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Tuesday, 23 January 2018

You get to decide what to worship

So: this is what I'm reading.

David Foster Wallace, April; 2009: “Because here's something else that's weird but true: in the day-to day trenches of adult life, there is actually no such thing as atheism. There is no such thing as not worshipping. Everybody worships. The only choice we get is what to worship.”

The only choice we get is what to worship.

I didn't, as I was first tempted to, read this as some kind of casual or flippant remark, hinting at the ease of picking from an abundance of choices that we have at our disposal in the world we live in today - a world of relativism, essentially. It wasn't for me an 'oh, it doesn't matter, you can worship anything you want, you can choose what suits you, you can do whatever is convenient.'


I took this, in the larger context of David's work, as a pretty serious sentiment.

A far harder proposition than simply claiming that there's nothing you worship. In fact, that, in comparison seems the easy way out. Like some sort of wiggling out of tough choices and having to live by them.

No, he says. There's no such thing. Everybody worships.

You get to decide what to worship.

YOU get to decide what to worship.


The burden of commitment in that statement is enormous. Because then, ultimately, you are responsible for whatever it is you worship. Of all the things that you can worship. And there are many.

So, choose carefully.

Love that. Absolutely love that.

Dinner tonight is simple home fare. Couscous with grilled cherry tomatoes and rocket. I saw it at Ottolenghi in Notting Hill the other day. Tasted it, wanted more, couldn't have more, so I asked the lovely girl with the heart-shaped face and the most beautiful blue eyes behind the counter is she knew how he made it. This is my version of what she told me. Or whatever I chose to remember of it.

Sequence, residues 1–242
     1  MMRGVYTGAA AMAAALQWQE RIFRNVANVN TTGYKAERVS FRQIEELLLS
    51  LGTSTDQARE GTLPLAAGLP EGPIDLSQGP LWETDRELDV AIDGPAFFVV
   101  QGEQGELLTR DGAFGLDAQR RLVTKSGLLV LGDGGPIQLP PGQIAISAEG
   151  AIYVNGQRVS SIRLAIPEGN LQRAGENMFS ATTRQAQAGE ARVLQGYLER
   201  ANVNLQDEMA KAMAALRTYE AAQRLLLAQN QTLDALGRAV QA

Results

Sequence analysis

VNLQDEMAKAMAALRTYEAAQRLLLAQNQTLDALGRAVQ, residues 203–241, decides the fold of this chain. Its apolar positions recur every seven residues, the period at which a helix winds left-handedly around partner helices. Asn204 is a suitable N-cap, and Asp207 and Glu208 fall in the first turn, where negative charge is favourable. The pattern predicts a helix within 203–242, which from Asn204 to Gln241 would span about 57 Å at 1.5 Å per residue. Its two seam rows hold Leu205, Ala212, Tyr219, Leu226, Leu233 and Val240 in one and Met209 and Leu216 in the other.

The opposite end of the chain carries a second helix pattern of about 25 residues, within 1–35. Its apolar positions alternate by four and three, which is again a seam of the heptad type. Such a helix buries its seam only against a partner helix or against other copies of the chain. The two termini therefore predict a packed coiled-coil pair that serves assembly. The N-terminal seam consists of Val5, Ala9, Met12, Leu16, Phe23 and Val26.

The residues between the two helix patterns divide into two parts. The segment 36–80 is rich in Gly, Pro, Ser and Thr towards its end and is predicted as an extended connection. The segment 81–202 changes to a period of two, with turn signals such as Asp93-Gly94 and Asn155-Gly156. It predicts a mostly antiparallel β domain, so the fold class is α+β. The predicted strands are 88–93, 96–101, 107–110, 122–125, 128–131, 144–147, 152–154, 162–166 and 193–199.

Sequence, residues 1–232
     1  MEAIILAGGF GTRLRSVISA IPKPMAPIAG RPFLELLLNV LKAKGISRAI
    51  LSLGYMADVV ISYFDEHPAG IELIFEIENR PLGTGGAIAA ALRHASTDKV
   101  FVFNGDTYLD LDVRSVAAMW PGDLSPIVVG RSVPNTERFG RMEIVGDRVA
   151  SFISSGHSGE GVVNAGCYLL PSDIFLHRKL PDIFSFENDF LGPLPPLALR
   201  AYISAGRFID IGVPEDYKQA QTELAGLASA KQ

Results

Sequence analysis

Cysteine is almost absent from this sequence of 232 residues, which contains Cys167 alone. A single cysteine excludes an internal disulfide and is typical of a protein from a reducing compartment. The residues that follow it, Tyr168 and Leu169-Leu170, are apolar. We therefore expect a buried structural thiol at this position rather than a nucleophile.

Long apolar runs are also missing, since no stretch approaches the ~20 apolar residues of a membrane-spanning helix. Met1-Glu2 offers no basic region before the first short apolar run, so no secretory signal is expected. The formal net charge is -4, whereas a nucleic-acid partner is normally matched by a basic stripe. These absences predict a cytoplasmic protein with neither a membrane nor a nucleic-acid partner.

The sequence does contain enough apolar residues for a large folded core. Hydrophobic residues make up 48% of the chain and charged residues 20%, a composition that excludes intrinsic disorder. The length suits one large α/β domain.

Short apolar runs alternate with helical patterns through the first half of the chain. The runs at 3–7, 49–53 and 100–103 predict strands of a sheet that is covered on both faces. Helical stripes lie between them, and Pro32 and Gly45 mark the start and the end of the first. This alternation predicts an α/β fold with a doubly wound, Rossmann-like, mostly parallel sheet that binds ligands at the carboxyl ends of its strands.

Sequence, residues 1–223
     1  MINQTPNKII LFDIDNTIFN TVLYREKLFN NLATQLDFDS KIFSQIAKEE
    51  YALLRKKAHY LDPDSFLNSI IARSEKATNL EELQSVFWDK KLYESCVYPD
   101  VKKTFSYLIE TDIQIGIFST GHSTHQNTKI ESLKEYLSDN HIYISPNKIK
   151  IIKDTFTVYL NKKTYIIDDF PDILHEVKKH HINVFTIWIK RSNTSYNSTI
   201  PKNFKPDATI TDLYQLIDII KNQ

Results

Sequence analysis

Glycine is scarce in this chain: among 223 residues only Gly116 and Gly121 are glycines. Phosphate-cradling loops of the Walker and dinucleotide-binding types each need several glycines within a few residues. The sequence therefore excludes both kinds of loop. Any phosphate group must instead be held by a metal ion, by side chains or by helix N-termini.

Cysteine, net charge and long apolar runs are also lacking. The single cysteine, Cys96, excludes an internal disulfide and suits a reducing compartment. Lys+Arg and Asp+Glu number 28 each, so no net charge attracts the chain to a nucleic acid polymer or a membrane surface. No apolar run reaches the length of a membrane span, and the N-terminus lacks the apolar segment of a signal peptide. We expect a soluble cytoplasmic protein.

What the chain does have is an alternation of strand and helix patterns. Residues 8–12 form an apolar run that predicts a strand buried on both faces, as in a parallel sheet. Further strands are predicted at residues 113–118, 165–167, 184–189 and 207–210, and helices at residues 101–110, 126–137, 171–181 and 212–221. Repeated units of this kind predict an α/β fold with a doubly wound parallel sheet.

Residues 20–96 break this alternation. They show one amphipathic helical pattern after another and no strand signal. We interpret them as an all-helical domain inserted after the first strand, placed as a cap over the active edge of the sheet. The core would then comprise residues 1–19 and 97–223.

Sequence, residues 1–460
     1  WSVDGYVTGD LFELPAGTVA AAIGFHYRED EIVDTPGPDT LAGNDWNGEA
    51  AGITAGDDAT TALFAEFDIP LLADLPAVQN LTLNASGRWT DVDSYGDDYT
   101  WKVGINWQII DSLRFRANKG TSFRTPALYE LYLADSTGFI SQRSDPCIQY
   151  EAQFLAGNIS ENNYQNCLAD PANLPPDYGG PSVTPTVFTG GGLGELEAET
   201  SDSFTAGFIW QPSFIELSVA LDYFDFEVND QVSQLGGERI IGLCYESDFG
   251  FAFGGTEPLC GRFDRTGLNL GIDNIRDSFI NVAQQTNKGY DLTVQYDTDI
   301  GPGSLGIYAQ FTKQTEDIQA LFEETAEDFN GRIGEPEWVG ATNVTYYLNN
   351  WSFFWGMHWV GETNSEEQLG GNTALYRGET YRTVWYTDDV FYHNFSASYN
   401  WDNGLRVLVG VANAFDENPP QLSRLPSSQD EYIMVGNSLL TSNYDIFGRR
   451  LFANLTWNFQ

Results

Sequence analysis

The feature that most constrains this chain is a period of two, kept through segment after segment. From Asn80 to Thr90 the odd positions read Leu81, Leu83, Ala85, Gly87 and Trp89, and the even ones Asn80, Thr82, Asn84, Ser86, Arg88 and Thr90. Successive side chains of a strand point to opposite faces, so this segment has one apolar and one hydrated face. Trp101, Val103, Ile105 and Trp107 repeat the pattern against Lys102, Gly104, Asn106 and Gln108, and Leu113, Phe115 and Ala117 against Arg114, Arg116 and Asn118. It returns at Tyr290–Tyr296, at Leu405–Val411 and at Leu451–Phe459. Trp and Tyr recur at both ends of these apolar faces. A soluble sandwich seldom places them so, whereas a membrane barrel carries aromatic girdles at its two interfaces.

You get to decide what to worship!

Here's what you need:

  • Olive oil
  • 2 large onions, sliced
  • 1 tsp honey
  • ½ tsp ras el hanout spice mix
  • 60g raisins
  • 600g cherry tomatoes
  • 500g couscous
  • 1 tsp cumin seeds
  • 1 garlic cloves, crushed
  • Roughly chopped handfuls rocket, coriander, parsley and mint
  • 2 tbsp lemon juice
  • 2 tbsp olive oil
  • Salt and pepper

Here's how you do it:

Place a medium pan on a medium heat. Add 2 tablespoons of olive oil, onions, honey, ras el hanout, salt and pepper. Cook for 15-30 minutes, until the onions are caramelised and delicious - soft, dark brown and sweet. Remove from heat, stir in the raisins and set aside.

Place another small pan on high heat. Mix the tomatoes with 2 tablespoons of oil and cook on the hot pan for a few minutes, until the skin is slightly charred and the flesh is soft. Set aside.
For the couscous: Boil 800ml of water. Add salt to the water and a little olive oil or butter if desired, to add moisture. Pour the couscous into boiling water, stir once with a spoon, cover with a lid, and remove from heat. Let the couscous steam for five minutes.Couscous grains tend to bind together in the cooking process, so fluff the grains with a fork. 

Once the couscous has cooled slightly add the onion and raisin mix and stir. Add the cumin seeds, garlic, rocket and most of the herbs, leaving the rest for garnish. Add the lemon juice, salt and pepper and mix. Transfer the couscous to a serving platter scattering with the cherry tomatoes. Garnish with a sprinkle of herbs and drizzle with olive oil.